Upgraded consoles are an “interesting, smart approach” says EA VP
The new(ish) consoles are set to receive a hardware upgrade. Sony’s yet to officially reveal its own, upgraded PlayStation4, currently codenamed NEO, but there’s a great deal of speculation that we’ll see it shown off at a PlayStation event in September.
Microsoft already revealed its own powerhouse, the Scorpio, at E3 this year, promising release towards the end of next year. If Microsoft is right, their approach to the upgraded hardware could see the end of the traditional console cycle – and that’s a good thing.
Taking on an approach that’s similar to the smartphone upgrade cycle may be the best thing for the console business, for a number of reasons. The biggest benefit that I see is that the user base isn’t wiped clean. If Microsoft’s plan for its Scorpio (and the console that will succeed it in the years to come) works out, we’ll still be able to play the same Xbox One games we’re playing right now in years to come on whatever Xbox is most current. Games in the future may run on older hardware up to a point – no different from iOS, Android or even PC as they stand now.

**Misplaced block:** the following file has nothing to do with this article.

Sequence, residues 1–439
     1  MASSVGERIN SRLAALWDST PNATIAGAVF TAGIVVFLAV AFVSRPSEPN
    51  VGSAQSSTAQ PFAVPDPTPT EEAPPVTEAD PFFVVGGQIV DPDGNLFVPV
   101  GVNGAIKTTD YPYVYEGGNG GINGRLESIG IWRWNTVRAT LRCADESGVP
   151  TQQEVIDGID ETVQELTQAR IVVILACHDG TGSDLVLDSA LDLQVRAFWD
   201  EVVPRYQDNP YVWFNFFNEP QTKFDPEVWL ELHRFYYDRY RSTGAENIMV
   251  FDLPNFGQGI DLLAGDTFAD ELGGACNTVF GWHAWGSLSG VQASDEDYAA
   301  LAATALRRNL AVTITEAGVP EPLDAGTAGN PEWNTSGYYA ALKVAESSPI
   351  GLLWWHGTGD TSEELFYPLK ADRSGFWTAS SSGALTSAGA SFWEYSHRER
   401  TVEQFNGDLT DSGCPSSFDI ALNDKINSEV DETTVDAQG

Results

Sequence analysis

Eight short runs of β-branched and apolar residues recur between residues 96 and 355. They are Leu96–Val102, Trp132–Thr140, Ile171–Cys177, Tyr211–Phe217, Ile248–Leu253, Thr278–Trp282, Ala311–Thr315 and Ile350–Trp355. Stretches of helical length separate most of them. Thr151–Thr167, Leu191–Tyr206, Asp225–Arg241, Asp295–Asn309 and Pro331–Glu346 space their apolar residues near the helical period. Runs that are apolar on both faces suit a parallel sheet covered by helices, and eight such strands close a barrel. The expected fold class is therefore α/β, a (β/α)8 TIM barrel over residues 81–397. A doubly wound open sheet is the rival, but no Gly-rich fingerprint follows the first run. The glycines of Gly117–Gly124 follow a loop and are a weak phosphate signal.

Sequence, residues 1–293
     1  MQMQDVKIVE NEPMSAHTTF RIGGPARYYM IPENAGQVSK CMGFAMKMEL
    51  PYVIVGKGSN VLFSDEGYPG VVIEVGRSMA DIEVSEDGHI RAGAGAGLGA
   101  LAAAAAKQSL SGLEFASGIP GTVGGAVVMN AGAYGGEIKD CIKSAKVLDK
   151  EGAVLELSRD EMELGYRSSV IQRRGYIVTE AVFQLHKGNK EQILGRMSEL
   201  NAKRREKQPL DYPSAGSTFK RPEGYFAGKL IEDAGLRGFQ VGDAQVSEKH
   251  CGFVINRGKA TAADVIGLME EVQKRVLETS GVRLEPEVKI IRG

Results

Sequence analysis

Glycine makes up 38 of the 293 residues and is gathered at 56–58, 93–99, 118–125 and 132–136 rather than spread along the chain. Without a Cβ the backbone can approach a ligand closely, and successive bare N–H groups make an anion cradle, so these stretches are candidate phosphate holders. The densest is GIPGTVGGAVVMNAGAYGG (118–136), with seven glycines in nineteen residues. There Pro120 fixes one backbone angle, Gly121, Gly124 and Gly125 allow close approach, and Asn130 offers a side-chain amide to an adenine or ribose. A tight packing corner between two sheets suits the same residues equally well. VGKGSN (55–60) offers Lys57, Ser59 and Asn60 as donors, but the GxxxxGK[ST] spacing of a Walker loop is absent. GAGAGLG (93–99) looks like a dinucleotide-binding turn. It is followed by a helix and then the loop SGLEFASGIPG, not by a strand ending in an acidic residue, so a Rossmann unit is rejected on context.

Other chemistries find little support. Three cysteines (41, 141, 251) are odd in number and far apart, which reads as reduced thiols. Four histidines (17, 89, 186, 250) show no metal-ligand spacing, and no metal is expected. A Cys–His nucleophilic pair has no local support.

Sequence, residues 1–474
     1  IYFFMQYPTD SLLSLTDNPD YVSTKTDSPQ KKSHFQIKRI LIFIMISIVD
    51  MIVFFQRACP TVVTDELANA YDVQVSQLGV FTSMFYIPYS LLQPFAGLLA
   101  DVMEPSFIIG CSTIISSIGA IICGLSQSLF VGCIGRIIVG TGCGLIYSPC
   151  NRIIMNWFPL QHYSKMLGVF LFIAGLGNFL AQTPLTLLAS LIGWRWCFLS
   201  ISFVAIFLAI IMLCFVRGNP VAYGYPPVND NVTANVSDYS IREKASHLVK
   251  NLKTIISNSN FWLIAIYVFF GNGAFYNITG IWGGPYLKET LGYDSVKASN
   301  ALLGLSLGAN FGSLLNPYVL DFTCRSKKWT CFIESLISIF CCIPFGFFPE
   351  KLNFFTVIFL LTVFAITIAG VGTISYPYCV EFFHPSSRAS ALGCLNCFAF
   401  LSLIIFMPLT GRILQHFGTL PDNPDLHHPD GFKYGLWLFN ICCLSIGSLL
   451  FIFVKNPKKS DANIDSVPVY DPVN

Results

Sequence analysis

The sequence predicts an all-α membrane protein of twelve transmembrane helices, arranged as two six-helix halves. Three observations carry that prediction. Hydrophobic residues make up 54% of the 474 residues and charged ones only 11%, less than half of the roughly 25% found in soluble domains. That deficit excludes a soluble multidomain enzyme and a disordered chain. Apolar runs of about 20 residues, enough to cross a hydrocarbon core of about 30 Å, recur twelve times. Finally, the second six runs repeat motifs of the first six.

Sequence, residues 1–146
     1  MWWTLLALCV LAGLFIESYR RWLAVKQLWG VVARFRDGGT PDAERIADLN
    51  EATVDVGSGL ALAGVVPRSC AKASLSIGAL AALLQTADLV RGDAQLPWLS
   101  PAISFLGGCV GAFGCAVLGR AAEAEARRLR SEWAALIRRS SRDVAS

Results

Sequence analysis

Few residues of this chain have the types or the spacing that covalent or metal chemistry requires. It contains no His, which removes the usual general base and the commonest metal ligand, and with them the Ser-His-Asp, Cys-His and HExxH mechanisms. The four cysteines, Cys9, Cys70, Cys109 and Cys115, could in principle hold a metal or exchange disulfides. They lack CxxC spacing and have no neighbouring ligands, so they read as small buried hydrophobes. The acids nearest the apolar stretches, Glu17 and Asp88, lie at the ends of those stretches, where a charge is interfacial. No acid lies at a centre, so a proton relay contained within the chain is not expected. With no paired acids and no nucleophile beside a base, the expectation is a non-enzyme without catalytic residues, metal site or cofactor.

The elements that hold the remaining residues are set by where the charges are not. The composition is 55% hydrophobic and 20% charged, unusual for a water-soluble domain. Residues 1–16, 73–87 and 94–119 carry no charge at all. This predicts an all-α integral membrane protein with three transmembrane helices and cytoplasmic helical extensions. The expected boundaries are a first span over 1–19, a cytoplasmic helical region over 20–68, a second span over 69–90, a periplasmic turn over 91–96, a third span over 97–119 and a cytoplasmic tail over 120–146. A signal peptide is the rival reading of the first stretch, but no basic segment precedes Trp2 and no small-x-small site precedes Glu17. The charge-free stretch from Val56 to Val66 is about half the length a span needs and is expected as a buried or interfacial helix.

EA thinks the whole idea is an interesting, smart approach.
“I believe that it’s an interesting approach,” EA executive vice president Patrick Soderlund told GameInformer. “We haven’t seen this whole idea of upgrading since the Mega CD in 1991 or something. At the time, that might not have worked, but this is different. I can only comment to what’s been announced by Microsoft, the whole idea of keeping the ecosystem intact and scaleable is right. If you get in later in the cycle, you can get a Scorpio or you can upgrade to it.
“It’s an interesting, smart approach, and we’ll see how well it works,” he added. “It’s something that we as a company are 100 percent behind. I got super excited when I saw what they are working on, and without giving you any information, the same is true of Sony. In general, this is a good thing.”
I’m inclined to agree. I hope Sony follows suit though. Right now, they’ve said the iterative PlayStation 4 approach isn’t one they’re looking to adopt.